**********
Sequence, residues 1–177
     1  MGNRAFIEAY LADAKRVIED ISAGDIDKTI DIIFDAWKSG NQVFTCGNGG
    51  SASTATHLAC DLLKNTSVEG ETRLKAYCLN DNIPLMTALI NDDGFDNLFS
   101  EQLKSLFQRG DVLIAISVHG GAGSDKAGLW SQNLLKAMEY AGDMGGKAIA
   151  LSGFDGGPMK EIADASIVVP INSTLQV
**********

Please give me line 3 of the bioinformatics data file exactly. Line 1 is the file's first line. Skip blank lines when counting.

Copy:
    51  SASTATHLAC DLLKNTSVEG ETRLKAYCLN DNIPLMTALI NDDGFDNLFS